Countdown to the 2016 NHL Winter Classic: 4 Days

“For me, this is a legacy project. This is where I come to work every day. We want to build something special.” — Robert Kraft

When Gillette Stadium was envisioned, Robert Kraft wanted the stadium to be a centerpiece of a year-round destination that Patriots fans and all New Englanders can visit. Ground was broken on March 24, 2000. The 68,000-seat stadium was built at a cost of $325 million, all of the income coming from private funds. Gillette Stadium was modeled after M&T Bank Stadium, the home of the Baltimore Ravens. However, Patriots owner Robert Kraft insisted on the stadium having a “front door” with a Disneyland-like entrance. That “front door” would be located in the north end of the stadium. Standing at 130 feet, The Lighthouse and Bridge are the most prominent feature of Gillette Stadium. A coastal seawall was constructed using sculpted rock formations around the base of the Lighthouse to mimic the lighthouses that cover the North Atlantic coast. The bridge next to the lighthouse was designed after the Longfellow Bridge that connected Boston’s Beacon Hill to Kendall Square in Cambridge across the Charles River. It is underneath the bridge the Patriots take to the field to the sounds of Ozzy Osbourne’s “Crazy Train”. The Lighthouse was originally designed to shoot a beam of light 2 miles into the sky, but instead, displays video, and flashes strobe lights as the Patriots take the field, score a touchdown, or win the game.

Gillette Stadium originally had a natural grass playing surface, but in November 2006, a rainstorm pretty much destroyed playing field. Instead of re-sodding the field (which takes a lot of time and cost a lot of money), the Krafts replaced the grass field with FieldTurf during the middle of the season. Installation of the new surface took less than a week to complete. At around the same time, Patriot Place, the shopping center and entertainment complex that surround the stadium grounds was being built. The first phase was built southwest of the stadium, with its signature being a Bass Pro Shops store and nature trail and cranberry bog behind it. Phase Two would be completed two years later, which includes:

  • Renaissance Boston Patriot Place Hotel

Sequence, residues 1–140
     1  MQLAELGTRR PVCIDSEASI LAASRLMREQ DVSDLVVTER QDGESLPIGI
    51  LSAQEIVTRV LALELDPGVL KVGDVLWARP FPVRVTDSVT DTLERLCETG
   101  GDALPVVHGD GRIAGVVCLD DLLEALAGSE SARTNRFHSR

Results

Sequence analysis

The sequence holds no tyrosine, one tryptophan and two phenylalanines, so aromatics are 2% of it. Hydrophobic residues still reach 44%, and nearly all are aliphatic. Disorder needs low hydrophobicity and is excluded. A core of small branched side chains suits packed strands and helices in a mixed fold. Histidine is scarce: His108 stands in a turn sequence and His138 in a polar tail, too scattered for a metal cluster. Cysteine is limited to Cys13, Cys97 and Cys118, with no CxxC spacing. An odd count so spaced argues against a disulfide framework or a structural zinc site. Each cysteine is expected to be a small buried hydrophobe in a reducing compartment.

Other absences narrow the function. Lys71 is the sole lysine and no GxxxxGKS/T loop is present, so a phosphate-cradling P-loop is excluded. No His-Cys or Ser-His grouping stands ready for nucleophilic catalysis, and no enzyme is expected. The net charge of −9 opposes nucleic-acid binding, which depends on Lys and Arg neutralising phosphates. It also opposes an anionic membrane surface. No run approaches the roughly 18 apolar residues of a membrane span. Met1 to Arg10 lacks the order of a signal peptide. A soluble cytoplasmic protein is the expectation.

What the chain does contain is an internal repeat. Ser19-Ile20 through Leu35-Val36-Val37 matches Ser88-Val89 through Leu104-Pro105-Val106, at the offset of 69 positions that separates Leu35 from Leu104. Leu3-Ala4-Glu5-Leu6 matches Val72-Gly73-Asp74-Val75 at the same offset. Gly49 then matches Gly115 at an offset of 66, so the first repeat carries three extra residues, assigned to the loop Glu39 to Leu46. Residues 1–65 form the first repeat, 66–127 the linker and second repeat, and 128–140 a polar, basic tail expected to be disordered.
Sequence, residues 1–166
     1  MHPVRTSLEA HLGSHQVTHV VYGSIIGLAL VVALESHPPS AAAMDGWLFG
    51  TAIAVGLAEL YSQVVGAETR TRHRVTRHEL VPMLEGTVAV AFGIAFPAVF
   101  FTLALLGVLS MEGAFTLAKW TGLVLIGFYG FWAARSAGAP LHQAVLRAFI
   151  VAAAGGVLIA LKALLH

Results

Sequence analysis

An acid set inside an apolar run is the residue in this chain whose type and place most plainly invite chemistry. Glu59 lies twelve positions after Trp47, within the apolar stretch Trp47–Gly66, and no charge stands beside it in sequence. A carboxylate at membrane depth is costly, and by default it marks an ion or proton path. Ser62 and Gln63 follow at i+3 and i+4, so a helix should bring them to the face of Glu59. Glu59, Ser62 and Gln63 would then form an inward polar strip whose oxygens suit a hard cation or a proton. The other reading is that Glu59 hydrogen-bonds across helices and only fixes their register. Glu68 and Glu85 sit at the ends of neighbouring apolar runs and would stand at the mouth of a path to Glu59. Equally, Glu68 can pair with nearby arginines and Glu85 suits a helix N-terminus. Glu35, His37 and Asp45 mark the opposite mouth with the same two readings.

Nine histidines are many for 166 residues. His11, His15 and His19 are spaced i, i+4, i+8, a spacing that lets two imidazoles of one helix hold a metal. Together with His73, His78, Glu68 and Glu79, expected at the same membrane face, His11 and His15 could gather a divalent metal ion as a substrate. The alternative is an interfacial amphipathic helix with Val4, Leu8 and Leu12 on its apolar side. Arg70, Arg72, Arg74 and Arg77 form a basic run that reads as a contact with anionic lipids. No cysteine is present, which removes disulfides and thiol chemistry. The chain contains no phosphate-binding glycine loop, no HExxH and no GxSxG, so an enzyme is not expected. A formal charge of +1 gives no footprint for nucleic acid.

• Showcase Cinema de Lux Patriot Place

  • Showcase Live

  • CBS Scene Restaurant & Bar and WBZ-TV Game Day Studio

  • Splitsville Luxury Lanes

  • Muse Paintbar

  • The Hall at Patriot Place Presented by Raytheon

  • Patriots ProShop

  • Brigham and Women’s/Mass General Health Care Center

  • TB12 Sports Therapy Center


During the 2010 season, the Patriots introduced the Foghorn. When the Patriots defense take the field, the horn is blasted, signaling Pats fans to make noise. During third and fourth down plays by the visiting team, the horn is blasted and the strobe lights inside the lighthouse flash. The foghorn might be familiar to Bruins fans for one reason:

This past season, 2,000 seats were removed from the south end zone to create the Optum Field Lounge. The Lounge is literally the best seat in the Stadium, because, from the outdoor terrace, you’re on the field, feeling you’re a part of the game. Field Lounge memberships are exclusively available to Patriots Season Ticket Holders. For this season, along with their tickets, inaugural Field Lounge members had to pay an extra $3,750  for a three-year membership (with a minimum purchase of two memberships) or an extra $1,500 for a one-year membership (with a minimum purchase of two memberships).

Ever since Gillette Stadium opened, the Patriots have sold out every game they’ve played there. In fact, the Patriots have sold out every game they’ve played in since the streak began on January 2, 1994: the 1993 season finale in which Michael Timpson caught a 36-yard pass from Drew Bledsoe in overtime to beat the Miami Dolphins, 33-27.

When the Patriots held their first regular-season game, a Monday Night Football match-up against the Pittsburgh Steelers, their Super Bowl XXXVI championship banner was unveiled on the pedestrian bridge at the southwest end of the stadium. So were their next two Super Bowl championship banners. When they won Super Bowl XLIX last season, they had no room to place the fourth Super Bowl championship banner. Had they placed the banner in that area, nearly most of the people who wanted to see the game from that area would have an obstructed view of thew field. During the Patriots’ season opener against those same Steelers, the four Super Bowl championship banners would be placed on top of the scoreboard in the south end zone.


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